U.S. District Judge Lee Yeakel of Austin said he would soon rule on a legal challenge by three attorneys who argue that mandatory bar membership and compulsory bar dues violate their First Amendment rights.
Yeakel said during a hearing Thursday that the record before him contains everything he needs to dispose of the case on the merits, and that he’d issue an opinion as quickly as he could. He then dismissed the plaintiffs’ motion for a temporary injunction, which asked the court to protect the lawsuits from repercussions for not paying their bar dues while the lawsuit is pending.
“You’ve focused the court on what the court needs to consider,” Yeakel said.
The attorney-plaintiffs in McDonald v. Sorrels claim the bar violates their First Amendment rights by forcing them to join and pay mandatory dues, which the bar then spends on alleged political and ideological activities. They object to the bar’s LGBT continuing legal education offerings, pro bono program for undocumented immigrants, attorney diversity programs, a $65 legal aid fee and the bar’s legislative affairs activities.
The case used to be named McDonald v. Longley but changed names when the bar presidency passed in June from 2018-219 Bar President Joe Longley to 2019-2020 Bar President Randy Sorrels.
The case is similar to legal challenges that lawyers have filed against mandatory bar associations in other states, which all rely on a 2018 U.S. Supreme Court ruling in Janus v. AFSCME, which ruled that public sector nonunion workers cannot be required to pay union dues as a condition of employment.
The plaintiffs argued in a motion for summary judgment that Janus shows that the bar can’t force lawyers to associate with an organization that engages in political and ideological activities. Lawyers can’t be compelled to pay for bar activities beyond attorney regulation and the improvement of legal services, they claim.
Plaintiffs lawyer Jeffrey Harris, partner in Consovoy McCarthy Park in Arlington, Virginia, told the court that his clients have a powerful First Amendment interest not to join the bar and fund its activities, but the bar doesn’t have a compelling government interest in mandatory membership and compulsory dues.
Twenty-eight states have voluntary bar associations that still regulate attorneys, and the Texas bar has not shown evidence that it couldn’t do the same, he said. The bar should narrowly tailor its operations and ensure it’s using the least restrictive means, he said.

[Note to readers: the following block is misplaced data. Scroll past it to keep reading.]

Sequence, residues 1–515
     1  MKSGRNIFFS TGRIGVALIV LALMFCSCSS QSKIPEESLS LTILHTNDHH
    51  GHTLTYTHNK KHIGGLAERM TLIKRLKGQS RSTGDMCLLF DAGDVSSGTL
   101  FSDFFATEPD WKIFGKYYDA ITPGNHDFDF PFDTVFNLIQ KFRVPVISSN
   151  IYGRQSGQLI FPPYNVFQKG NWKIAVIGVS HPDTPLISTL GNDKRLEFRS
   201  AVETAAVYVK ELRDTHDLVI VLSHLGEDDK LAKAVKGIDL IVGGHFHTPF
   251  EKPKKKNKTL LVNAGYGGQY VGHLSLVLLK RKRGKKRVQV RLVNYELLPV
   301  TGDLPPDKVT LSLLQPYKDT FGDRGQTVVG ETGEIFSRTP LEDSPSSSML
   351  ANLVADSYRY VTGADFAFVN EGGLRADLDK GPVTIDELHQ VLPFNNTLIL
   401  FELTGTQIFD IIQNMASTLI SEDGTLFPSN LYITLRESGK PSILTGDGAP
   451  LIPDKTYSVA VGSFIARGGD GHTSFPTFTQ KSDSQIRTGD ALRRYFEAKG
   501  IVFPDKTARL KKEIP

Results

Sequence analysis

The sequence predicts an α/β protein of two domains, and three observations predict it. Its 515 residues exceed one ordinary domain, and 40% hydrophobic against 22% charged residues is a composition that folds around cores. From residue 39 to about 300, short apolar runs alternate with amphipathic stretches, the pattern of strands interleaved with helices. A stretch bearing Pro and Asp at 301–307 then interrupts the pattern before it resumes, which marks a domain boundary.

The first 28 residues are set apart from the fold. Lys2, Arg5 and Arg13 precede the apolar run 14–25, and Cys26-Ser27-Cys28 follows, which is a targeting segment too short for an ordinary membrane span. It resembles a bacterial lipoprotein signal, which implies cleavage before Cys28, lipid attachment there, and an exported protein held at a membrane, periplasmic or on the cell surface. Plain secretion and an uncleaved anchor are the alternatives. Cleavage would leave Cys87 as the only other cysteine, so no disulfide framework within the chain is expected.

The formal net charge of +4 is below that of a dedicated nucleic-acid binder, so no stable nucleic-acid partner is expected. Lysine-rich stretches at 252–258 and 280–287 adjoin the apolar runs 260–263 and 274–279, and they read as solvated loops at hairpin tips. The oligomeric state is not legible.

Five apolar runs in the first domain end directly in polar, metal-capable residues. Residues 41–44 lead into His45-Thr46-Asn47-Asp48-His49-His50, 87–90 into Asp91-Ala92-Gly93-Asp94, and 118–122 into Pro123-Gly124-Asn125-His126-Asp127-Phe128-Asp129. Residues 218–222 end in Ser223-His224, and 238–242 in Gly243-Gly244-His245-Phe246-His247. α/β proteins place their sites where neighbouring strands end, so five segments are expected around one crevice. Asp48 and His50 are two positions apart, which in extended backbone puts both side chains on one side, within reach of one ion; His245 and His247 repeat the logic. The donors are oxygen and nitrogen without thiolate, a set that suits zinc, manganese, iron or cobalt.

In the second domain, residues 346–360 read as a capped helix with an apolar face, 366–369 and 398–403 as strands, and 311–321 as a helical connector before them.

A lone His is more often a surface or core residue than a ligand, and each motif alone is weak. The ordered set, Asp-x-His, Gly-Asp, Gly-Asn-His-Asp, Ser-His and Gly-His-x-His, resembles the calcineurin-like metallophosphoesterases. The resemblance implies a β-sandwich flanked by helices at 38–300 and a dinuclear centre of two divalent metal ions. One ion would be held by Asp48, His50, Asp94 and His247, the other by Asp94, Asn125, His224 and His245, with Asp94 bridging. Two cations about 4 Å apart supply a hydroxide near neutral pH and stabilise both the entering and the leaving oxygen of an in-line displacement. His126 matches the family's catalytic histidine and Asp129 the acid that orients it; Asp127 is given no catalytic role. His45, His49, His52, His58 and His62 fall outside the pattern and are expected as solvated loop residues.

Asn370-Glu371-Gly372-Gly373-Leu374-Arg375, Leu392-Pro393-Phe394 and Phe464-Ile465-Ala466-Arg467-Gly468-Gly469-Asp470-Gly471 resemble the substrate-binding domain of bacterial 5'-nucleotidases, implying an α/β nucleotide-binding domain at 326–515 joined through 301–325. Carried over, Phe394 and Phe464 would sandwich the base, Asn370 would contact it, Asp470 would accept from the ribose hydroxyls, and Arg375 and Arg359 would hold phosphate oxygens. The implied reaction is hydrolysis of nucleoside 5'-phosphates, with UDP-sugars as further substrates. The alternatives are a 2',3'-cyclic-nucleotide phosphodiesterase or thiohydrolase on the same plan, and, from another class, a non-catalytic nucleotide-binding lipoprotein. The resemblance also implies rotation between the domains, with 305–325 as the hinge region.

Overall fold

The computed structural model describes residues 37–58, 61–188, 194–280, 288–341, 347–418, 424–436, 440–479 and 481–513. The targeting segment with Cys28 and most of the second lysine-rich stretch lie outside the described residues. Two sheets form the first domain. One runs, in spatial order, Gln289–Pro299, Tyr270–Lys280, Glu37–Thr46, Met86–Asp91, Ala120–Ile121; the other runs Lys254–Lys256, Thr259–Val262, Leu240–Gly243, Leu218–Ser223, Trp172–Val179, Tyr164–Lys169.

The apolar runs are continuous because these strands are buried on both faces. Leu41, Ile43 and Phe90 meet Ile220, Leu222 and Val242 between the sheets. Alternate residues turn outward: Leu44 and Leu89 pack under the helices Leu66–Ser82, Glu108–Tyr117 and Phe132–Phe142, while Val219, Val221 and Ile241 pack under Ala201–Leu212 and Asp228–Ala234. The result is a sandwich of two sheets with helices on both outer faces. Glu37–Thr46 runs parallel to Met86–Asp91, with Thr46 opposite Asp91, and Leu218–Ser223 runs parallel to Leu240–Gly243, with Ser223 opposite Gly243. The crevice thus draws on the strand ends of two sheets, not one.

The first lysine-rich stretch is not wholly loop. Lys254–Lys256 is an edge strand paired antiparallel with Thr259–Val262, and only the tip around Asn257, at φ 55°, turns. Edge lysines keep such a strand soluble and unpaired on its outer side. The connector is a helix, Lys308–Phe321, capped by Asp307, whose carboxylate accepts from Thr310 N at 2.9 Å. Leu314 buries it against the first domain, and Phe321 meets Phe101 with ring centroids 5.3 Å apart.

Yeakel asked Harris whether past Supreme Court cases dealing directly with bar associations had ever ruled that narrow tailoring applies to bar associations. When Harris replied that Janus addressed narrow tailoring regarding labor unions, Yeakel said that Janus did not mention the bar-specific case law. Only the Supreme Court may change its own precedent, he said.
“They didn’t change it in Janus,” Yeakel said.
The bar has argued in a cross motion for summary judgment that Janus shouldn’t apply to mandatory bar associations and that it’s already complying with other U.S. Supreme Court cases that directly impact bar associations by ensuring all dues pay for core functions like regulating the legal profession and improving the quality of legal services.
Tom Leatherbury, a partner in Vinson & Elkins in Dallas, who represents the defendants, said that the U.S. Supreme Court in the past has ruled that making an attorney join a bar association does not violate his or her First Amendment right to associate freely. Past cases said that bar associations can charge dues to regulate the legal profession and improve the quality of legal services, he said. And even if some people think some bar activities are political or ideological, as long as they are germane to regulating the profession and improving legal services, then the bar can use mandatory dues to pay for them, Leatherbury argued.
Vinson & Elkins partner Pat Mizell of Houston, who also represents the defendants, said the Texas bar’s legislative program, diversity efforts, access to justice initiatives, continuing legal education and publication all advance the interests of regulating the profession and improving legal services. He noted the plaintiffs have only argued the programs are political or ideological, yet have not attempted to argue that the programs are unrelated to improving legal services.
He said, “We believe that proof is uncontroverted, and the court can use that to decide the case.”